The calls for the UK to gain its own ‘gigafactory’ to make batteries for electric cars have grown so loud over the past couple of years that it even became an election issue. Both the Conservatives and Labour have pledged to fund gigafactories, with Labour going so far as to promise £2 billion to finance half the cost of three gigafactories, to be located in south Wales, Stoke and Swindon. The Conservatives, meanwhile, promised 'a gigafactory' without costing it.
Whatever the outcome of the election, it’s clear the UK car industry will depend on being able to source batteries locally and soon. “Within a year, most car producers and battery manufacturers will make their decisions about where in Europe the next generation of gigafactories will be built. Without urgent action, the UK is in danger of losing out in the race,” the Faraday Institute, a government-funded battery action group, wrote in a recent report.
It’s also clear there are large barriers in the way. “We’re in serious danger of missing out for a number of reasons,” said David Bailey, professor of business economics at the Birmingham Business School. “Brexit is a serious issue and we are lagging in terms of electric vehicle take-up and infrastructure. Why would a company want to invest in a massive battery plant here?”
Labour’s choice of locations was meant in part to highlight the urgency for creating new jobs. South Wales is where Ford is closing an engine factory in September 2020 and Swindon is home to Honda’s engine and vehicle plant, which will shut its doors in 2021.
The UK built 2.16 million engines to the end of October, down 7% on the year before, and 60% of those were exported, according to the Society of Motor Manufacturers and Traders. However, that number will slide dramatically once the Ford and Swindon plants go offline and EV sales start to grow.
The biggest customer for a battery factory would be Jaguar Land Rover (JLR), which along with Nissan produces the largest number of vehicles in the UK. Nissan already sources its batteries from a small plant in Sunderland with the capacity to make 2GWh of cells per year (enough for around 50,000 40kWh Leafs), but batteries for hybrid Land Rovers, hybrid Toyota Corollas and electric Minis currently all come from outside the UK.
JLR has been pressing the government to act fast. “If batteries go out of the UK, then automotive production will go out of the UK,” said its CEO, Ralf Speth, in July. JLR will begin to source battery packs for its planned new Jaguar XJ electric limousine from a new plant in Hams Hall near Birmingham, but it’s relatively small scale and the actual cells will come from outside the UK.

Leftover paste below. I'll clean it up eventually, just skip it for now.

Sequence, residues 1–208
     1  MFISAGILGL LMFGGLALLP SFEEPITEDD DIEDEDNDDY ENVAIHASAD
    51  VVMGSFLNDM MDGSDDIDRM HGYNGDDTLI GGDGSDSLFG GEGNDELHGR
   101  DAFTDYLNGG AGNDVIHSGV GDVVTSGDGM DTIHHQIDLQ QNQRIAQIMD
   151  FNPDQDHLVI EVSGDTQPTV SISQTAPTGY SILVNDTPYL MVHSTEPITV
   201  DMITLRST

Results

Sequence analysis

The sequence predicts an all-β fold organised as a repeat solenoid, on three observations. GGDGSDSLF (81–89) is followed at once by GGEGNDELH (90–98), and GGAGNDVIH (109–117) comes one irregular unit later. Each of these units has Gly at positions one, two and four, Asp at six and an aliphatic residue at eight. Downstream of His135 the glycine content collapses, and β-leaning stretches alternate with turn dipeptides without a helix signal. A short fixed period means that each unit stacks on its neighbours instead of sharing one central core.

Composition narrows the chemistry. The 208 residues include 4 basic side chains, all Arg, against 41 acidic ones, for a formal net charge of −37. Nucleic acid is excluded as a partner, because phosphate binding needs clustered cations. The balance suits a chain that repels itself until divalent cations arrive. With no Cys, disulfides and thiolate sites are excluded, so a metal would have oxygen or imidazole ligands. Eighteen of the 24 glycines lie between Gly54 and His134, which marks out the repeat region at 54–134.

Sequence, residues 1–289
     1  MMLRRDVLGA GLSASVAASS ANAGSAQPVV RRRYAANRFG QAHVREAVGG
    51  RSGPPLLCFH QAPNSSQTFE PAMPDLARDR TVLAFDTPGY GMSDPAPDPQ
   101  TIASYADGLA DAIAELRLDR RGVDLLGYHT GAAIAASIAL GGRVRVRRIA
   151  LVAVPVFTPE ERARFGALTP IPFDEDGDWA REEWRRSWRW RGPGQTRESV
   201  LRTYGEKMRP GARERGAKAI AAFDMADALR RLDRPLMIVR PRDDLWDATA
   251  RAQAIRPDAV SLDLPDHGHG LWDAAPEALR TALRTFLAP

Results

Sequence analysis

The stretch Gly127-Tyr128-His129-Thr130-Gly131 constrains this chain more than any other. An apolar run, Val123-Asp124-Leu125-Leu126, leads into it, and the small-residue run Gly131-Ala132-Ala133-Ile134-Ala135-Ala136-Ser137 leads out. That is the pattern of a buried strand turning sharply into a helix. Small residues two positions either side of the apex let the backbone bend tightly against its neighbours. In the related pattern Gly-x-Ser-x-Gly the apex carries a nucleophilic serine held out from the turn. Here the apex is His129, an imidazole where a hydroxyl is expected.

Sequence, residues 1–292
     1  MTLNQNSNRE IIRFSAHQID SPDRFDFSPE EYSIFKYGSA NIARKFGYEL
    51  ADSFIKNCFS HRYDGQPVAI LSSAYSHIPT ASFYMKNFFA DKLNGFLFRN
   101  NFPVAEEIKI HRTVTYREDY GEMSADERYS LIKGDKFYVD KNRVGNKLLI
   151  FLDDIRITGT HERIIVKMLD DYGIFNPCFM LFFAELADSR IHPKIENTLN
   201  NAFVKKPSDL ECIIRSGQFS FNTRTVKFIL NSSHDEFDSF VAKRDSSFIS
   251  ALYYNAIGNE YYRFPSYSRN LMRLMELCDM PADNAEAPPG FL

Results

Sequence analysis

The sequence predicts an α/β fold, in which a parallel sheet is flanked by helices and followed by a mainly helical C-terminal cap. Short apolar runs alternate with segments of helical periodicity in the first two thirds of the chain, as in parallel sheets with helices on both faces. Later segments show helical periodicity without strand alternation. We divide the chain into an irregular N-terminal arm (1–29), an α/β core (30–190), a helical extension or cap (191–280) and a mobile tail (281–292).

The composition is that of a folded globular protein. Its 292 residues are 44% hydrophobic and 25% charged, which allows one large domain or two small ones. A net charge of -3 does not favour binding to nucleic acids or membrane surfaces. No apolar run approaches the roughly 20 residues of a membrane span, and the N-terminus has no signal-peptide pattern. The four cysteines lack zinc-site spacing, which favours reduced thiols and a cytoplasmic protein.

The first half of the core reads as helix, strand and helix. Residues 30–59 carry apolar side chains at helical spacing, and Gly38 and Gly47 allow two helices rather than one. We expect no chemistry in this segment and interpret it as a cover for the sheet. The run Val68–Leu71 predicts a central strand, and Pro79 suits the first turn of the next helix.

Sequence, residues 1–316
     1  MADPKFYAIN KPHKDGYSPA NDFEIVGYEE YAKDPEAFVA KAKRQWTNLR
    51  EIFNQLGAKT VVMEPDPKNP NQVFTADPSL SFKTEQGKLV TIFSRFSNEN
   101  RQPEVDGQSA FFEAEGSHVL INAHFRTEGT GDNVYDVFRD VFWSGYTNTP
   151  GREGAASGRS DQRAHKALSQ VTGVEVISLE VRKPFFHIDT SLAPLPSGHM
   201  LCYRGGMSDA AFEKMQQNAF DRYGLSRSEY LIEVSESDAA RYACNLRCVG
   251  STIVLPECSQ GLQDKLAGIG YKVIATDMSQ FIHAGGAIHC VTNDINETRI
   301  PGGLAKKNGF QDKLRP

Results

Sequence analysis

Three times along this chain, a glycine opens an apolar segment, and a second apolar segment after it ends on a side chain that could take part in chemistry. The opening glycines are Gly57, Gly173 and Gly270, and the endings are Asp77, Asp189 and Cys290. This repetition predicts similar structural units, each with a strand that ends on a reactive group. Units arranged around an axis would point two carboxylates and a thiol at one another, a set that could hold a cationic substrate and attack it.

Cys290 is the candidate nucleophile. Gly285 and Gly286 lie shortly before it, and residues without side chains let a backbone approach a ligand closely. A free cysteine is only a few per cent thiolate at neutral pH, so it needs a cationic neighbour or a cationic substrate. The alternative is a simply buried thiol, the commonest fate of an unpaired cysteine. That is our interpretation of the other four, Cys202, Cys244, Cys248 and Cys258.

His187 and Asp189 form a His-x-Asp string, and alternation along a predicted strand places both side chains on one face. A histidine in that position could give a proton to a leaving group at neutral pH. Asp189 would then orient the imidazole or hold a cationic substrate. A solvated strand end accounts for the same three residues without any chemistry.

Getting those cells made in the UK is crucial, both for retaining jobs and avoiding shipping heavy batteries from places like China when EV production really takes off. It’s helpful, too, to avoid being hit by painful currency fluctuations and to ensure enough of the car’s content is home sourced as the UK begins the process of striking its own trade agreements. The battery makes up around 40% of the cost of building an electric car, according to JLR.
Speth has made it clear that JLR can’t afford to invest in a cell plant. For one thing, the process of making battery cells is far outside the core knowledge of a car company like JLR. Even early pioneer Nissan has since sold its battery operations in Sunderland and elsewhere to Chinese firm Envision Group.
The key is to persuade an established battery maker to set up shop here, like LG Chem has done in Poland, Samsung SDI has done in Hungary and Swedish newcomer Northvolt is doing in both its homeland and for Volkswagen via a joint venture to build a plant in Salzgitter, Germany.
With Tesla skipping the UK for Berlin for its new European gigafactory and blaming Brexit for the snub, the UK is at a dangerous point while it remains in limbo in terms of its relationship to key trading partner mainland Europe.
With the EU’s tough climate legislation almost mandating a shift to electric cars, a three-way agreement involving a battery maker, at least one car maker and the UK government needs to happen quickly.
Stephen Gifford, head of economics at the Faraday Institute, said: “The market is growing so fast that, while in 2019 there isn’t demand a gigafactory, in four years’ time there will be. The decision needs to be made now.”